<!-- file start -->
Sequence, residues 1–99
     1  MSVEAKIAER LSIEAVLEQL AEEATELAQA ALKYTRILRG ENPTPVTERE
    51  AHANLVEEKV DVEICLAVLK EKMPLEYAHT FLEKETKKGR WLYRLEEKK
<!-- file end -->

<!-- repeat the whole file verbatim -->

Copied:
Sequence, residues 1–99
     1  MSVEAKIAER LSIEAVLEQL AEEATELAQA ALKYTRILRG ENPTPVTERE
    51  AHANLVEEKV DVEICLAVLK EKMPLEYAHT FLEKETKKGR WLYRLEEKK